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Rainforest Expeditions Day 4

May 8, 2011

Scarlet macaw by Rick Stanley


Sunrise from the tower was lovely. We had it all to ourselves. We arrived to a misty morning with fog covering all the trees. We could barely see the river. Rick and I filmed and enjoyed the early morning sounds. After taking a few sound recordings and pictures, we watched the fog clear and the early morning light shine on the river.


We got up early this morning to visit the tower at Posada one last time. We passed a group returning from the tower on our way out there and they appeared not to have seen much. About 10 minutes after we climbed the 37-meter tower, three scarlet macaws swooped in and sat in a tree right next to us. It was by far the closest we have ever been to macaws. They flew below us and we could look down on them from above, there colors stark and brilliant against the forest background. After that I got my fist look at curl-crested aracaris and two ivory-billed aracaris also arrived in a far away tree. Rick and I waited for a few minutes at the top and spotted a black-tailed trogon and a teensy tyrannulet. Just as the birding was getting good, we had to run back for breakfast.

Immediately after breakfast, we were informed that the boat was leaving 30 minutes earlier than we had anticipated. We rushed to get showers and gather our things to make it in time for our departure. The boat was incredibly comfortable, with separate padded seats for everyone. It was just us, Julio (a bartender), and a boat driver for the first three hours.

About one hour into the ride, Julio said “Look, and osprey.” Rick quickly corrected him – an eagle was flying across the river. We followed it with our binoculars until it landed in a tree on the other side. It only took a few seconds to realize it was a harpy eagle. The bushy crest was raised and the black stripe on the chest was just visible in the dark light. “Paramaos, paramos,” Rick yelled (Let’s stop, let’s stop!). But, after about 10 seconds, the bird flew off and our lucky sighting of the rare eagle ended.

The rest of the boat ride was lovely with a few nice sightings. We saw capybaras bathing in the river and Orinoco geese on the beach. No jaguars to report, but we were scanning the banks the whole ride with the small hope that we would see one.

The only snafu on the trip was our lack of documentation at the park guard posts. We barely made it through at Malinowsky, because we did not have an authorization form. Thankfully, the park guard decided that it was not our fault that we did not have documents. He let us through with a warning. We were not aware that we needed anything to enter the reserve since we were going with Rainforest Expeditions.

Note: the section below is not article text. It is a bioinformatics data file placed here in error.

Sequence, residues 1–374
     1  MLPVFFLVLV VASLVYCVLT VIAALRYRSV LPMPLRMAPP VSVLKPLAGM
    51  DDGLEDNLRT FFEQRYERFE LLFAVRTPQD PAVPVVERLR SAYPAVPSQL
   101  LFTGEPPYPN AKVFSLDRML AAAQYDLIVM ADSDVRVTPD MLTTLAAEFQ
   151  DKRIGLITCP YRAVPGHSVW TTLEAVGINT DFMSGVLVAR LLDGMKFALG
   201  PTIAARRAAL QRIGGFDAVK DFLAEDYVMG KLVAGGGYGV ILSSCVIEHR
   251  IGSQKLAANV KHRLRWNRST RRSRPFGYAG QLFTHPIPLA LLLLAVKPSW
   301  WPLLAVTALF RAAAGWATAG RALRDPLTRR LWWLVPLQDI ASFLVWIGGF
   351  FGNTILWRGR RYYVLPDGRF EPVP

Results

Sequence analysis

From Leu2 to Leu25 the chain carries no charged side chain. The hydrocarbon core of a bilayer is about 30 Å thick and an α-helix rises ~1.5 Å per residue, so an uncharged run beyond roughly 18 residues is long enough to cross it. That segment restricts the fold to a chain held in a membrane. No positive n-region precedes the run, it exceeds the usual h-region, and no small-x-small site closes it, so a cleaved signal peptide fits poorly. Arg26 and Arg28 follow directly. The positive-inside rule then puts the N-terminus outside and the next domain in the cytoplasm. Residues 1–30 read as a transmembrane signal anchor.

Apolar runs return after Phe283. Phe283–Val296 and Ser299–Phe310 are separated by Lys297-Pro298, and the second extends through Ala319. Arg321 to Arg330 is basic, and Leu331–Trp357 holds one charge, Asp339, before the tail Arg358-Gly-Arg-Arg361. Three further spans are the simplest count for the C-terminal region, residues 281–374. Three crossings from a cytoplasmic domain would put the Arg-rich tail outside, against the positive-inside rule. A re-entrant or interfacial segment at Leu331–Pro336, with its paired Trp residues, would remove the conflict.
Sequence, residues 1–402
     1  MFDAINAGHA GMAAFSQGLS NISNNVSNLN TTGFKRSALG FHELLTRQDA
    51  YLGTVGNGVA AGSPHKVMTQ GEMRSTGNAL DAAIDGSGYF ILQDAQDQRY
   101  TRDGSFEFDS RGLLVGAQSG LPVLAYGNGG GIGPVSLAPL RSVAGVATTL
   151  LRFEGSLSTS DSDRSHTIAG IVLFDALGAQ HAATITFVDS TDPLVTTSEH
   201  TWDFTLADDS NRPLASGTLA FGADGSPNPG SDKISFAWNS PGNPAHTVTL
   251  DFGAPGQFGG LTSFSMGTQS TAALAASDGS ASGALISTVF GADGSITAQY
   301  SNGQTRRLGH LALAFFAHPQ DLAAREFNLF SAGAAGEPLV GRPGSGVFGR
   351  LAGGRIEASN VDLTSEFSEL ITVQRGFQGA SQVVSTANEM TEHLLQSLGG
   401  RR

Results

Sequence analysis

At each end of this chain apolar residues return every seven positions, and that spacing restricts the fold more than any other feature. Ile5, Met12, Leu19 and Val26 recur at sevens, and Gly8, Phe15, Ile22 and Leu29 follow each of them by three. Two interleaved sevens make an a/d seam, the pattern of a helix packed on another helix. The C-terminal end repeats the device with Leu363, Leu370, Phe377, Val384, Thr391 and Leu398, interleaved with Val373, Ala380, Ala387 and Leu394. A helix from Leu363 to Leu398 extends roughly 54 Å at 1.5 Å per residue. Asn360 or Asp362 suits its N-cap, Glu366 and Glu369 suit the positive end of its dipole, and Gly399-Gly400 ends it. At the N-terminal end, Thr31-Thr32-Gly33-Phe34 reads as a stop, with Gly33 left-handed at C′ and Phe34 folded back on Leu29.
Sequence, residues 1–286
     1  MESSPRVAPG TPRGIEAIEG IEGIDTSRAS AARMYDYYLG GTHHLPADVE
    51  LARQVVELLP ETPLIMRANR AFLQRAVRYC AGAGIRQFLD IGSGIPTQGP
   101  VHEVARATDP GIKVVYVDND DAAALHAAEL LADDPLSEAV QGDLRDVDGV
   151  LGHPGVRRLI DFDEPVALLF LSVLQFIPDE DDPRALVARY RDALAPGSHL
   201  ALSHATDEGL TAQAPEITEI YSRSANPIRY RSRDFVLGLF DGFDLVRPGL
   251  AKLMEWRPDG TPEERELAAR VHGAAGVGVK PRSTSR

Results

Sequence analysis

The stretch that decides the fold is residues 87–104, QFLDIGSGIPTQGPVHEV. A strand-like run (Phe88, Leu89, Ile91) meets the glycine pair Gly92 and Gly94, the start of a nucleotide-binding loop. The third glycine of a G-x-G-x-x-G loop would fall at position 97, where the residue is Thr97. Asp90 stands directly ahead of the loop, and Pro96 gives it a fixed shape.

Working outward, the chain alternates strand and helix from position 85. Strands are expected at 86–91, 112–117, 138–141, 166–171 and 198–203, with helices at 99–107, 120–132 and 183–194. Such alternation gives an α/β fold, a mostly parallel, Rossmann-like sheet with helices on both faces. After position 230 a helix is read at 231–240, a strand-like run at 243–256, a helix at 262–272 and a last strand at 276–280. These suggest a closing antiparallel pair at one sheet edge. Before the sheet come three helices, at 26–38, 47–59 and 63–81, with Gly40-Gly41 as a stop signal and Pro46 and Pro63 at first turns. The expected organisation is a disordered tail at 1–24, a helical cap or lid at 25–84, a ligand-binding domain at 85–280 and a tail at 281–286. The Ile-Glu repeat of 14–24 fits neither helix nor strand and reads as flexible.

We arrived at Tambopata Research Center at 3:30pm, after about seven hours on the river.

Butterfly by Rick Stanley

Rainforest Expeditions Day 2

May 7, 2011
 Mantis by Rick Stanley


We got up at 4:00am for breakfast at 4:30am. Our boat left for the oxbow lake at 5 sharp. We hiked for 30 minutes to get to the lake and then climbed on a catamaran. By the time we got out on the lake, the sun was just rising through the mist. It was spectacular. We drifted about and saw a donacobius and a bat falcon.

After about an hour on the lake, and explanations on the formation of oxbow lakes, we spotted the giant otters. They were pretty far away, but coming toward us. My initial impression of giant otters is always “Oh, how cute.” But, as soon as you focus your binoculars on them, you realize that they are a bit scary and vicious. These two were playing and eating fish and their wide eyes and snarling teeth gave them a ferocious appearance.

We returned to the lodge for a snack and Rick and I decided to walk a trail on our own. We returned for lunch at the lodge and a siesta before our next outing.

The day ended with a really nice walk in the forest and a climb up the canopy tower. We took a night walk for 30 minutes with the tourists after dinner and Rick picked up a rat snake. This led to one of the female tourists leaving the group out of sheer fright.

Early to bed and early to rise.

Oxbow Lake at Posada Amazonas

Rainforest Expeditions: Day 1

April 14, 2011

Sunrise over the Tambopata River by Gabby Salazar


Rainforest Expeditions

Our flight left Lima at 8am and landed at 11am in Puerto Maldonado. Rick and I were exhausted. He (who never naps) fell asleep twice at the breakfast table in the airport while we were waiting for our coffee and sandwiches to arrive.

Rainforest Expeditions picked us up at the airport and took us over to the office where we repacked our luggage. We were able to leave a good 20 pounds at the office, but are still weighed down by the rest. Our checked luggage weighed in today at 66 kilograms. I’m not entirely sure where all the weight comes from, but it is there and it is heavy.

The boat to Posada Amazonas lodge was a short 45-minute drive. I spotted dusky titi monkeys and we also saw a capybara and some turtles. Our guide’s name is Armando and we will be accompanying him and a group of six other people for two days. They are all on the short tour, which packs in an incredible number of activities in 3D/2N. We are looking forward to piranha fishing, shaman consultations, and a visit to a clay lick. This tour will give us the opportunity fulfill the image needs of Rainforest Expeditions, while accessing some great locations (oxbow lakes, clay licks, etc) that would otherwise cost a fortune to visit on our own.

We checked into a beautiful room that is closed on three sides and entirely open to the forest on the fourth. There is a nice hammock inside and two beds with mosquito nets. The shower curtain is completely clear and so is the bathroom wall. We spotted a reddish hermit and an agouti right from our room.

The afternoon was spent on the canopy tower. We saw a channel-billed toucan and, my favorite, an ivory-billed aracari. Other sightings included russet-backed oropendula, pale-winged trumpeter, and a tityra.

We returned to the lodge to rest after an intense week of travel and had a lovely dinner. Tomorrow morning we rise at 4am for a visit to the oxbow lake with hopes of seeing giant river otters.